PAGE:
| By Beverly Corbell
Tuesday, April 24, 2007
OURAY — The Biota water bottling plant in Ouray has been closed for several months, but by filing recently for Chapter 11 bankruptcy protection, owner David Zutler hopes to hold onto the plant and get it running again.
Zutler filed for bankruptcy protection on April 17 with the U.S. Bankruptcy Court for the District of Colorado, essentially forestalling a public auction of the company that was set for April 18 at the Ouray County Courthouse.
In 2004, Zutler’s company started bottling drinking water from Weehawken Spring, the city of Ouray’s main drinking water supply. The company also used biodegradable bottles made from corn instead of oil, which Zutler said are the first used in the bottled water industry.
Because of that, he said, Biota was the official bottled water at the 2007 Academy Awards.
Filing for bankruptcy will give Zutler a chance to start over, he said.
“Most people don’t understand what bankruptcy really means, but it gives us an opportunity to do a restart and get back in business,” he said.
In late March, Zutler hired Thomas Kim of Manchester Companies of Denver, which offers “investment banking, corporate renewal and management advisory services,” according to its Web site.
Kim will work with Biota’s creditors, which include about $8 million owed to UPS Capital and about $84,000 in property taxes owed to Ouray County, said County Treasurer Jean Casolari.
All the company’s creditors are invited to a May 23 meeting in Denver to be conducted by the U.S. Trustee’s Office, Kim said.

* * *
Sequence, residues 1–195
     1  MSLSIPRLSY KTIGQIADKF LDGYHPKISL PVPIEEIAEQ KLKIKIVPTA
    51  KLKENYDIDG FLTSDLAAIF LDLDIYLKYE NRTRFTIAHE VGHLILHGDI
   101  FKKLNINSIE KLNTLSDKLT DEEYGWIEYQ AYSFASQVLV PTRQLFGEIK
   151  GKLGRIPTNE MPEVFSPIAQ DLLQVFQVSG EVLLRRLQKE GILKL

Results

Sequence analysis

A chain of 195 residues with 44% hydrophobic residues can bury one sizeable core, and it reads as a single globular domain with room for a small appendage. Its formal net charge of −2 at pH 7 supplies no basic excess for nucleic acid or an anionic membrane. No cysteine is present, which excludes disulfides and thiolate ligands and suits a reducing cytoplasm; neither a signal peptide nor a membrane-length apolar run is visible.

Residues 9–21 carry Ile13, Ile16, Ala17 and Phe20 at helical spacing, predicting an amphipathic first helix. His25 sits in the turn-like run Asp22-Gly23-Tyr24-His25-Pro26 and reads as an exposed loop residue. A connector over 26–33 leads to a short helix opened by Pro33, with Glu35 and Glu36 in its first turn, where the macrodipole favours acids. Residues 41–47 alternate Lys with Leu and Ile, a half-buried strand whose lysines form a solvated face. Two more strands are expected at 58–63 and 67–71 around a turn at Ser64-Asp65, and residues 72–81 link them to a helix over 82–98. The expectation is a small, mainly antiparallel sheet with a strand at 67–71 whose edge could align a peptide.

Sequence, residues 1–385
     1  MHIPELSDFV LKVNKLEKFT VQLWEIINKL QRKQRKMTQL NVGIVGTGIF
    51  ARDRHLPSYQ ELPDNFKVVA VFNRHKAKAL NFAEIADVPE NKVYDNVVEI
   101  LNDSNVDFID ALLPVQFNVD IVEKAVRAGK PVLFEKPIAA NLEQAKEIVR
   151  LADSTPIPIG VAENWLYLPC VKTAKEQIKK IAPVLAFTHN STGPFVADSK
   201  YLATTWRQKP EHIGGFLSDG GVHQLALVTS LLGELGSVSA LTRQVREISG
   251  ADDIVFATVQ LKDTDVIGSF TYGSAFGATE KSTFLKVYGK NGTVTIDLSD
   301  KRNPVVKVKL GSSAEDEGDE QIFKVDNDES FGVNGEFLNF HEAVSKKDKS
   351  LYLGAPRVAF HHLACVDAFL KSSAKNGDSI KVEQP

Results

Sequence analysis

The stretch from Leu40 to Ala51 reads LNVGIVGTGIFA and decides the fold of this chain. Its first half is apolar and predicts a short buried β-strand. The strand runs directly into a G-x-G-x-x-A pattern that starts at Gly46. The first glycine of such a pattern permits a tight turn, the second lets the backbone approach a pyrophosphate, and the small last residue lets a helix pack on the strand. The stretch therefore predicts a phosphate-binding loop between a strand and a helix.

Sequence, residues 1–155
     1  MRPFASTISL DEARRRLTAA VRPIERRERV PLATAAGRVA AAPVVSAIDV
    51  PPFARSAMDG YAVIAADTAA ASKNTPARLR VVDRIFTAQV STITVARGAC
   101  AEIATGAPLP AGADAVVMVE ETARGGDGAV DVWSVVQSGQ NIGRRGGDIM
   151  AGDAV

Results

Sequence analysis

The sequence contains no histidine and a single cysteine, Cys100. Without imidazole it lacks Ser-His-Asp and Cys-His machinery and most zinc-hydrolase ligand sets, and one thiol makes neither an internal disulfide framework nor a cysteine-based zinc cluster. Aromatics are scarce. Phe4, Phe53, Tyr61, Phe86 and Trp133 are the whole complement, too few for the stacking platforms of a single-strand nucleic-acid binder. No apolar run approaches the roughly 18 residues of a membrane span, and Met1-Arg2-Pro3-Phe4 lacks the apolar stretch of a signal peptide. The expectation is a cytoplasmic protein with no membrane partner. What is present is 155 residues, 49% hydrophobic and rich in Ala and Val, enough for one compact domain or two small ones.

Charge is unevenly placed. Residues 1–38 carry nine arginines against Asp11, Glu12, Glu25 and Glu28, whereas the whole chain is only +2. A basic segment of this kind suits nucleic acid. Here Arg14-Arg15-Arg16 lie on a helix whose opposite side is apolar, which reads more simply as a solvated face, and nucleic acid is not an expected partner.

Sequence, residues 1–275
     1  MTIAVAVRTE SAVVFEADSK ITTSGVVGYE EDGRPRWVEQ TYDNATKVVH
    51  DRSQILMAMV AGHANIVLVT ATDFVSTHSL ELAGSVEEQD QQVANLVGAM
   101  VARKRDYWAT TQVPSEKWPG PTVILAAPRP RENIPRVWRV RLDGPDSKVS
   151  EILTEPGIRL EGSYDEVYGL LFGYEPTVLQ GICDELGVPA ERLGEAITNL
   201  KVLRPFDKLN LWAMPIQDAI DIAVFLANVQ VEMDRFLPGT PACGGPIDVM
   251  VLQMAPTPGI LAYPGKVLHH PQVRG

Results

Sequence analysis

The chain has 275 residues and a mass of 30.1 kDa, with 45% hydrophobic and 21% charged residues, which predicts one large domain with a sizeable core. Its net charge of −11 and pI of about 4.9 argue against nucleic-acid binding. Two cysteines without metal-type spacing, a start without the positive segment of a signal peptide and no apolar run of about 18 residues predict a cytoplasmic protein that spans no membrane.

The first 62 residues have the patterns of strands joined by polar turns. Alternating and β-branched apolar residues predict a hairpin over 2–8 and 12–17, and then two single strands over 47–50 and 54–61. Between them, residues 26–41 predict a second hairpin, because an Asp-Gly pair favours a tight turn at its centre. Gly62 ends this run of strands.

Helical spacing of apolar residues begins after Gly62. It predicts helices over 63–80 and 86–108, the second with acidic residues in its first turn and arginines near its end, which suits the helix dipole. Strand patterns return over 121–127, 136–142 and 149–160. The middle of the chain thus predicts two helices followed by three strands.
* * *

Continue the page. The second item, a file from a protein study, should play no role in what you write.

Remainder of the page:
“It’s basically because they want to understand what the case is about and what the company’s plans are,” he said.
Biota may eventually file a Chapter 11 reorganization plan, Kim said, which will outline how the company plans to recover and involves “a lot of negotiations” with creditors.
Biota also owes the city of Ouray about $25,000, said City Manager Patrick Rondinelli, and the city’s waiting to see what happens in the bankruptcy process.
Rondinelli said he’s met with Kim, company representatives and potential buyers.
“In the end we just want it all to work out and the original intention of the business to work,” he said. “It’s a great concept, a clean industry and a local business that can employ local people year-round.”
Biota and the city had a dispute last fall when the company’s lab claimed it detected contaminants in the water and halted production. Rondinelli said extensive testing by two independent labs as well as the lab at the state Department of Public Health and Environment found no sign of contaminants.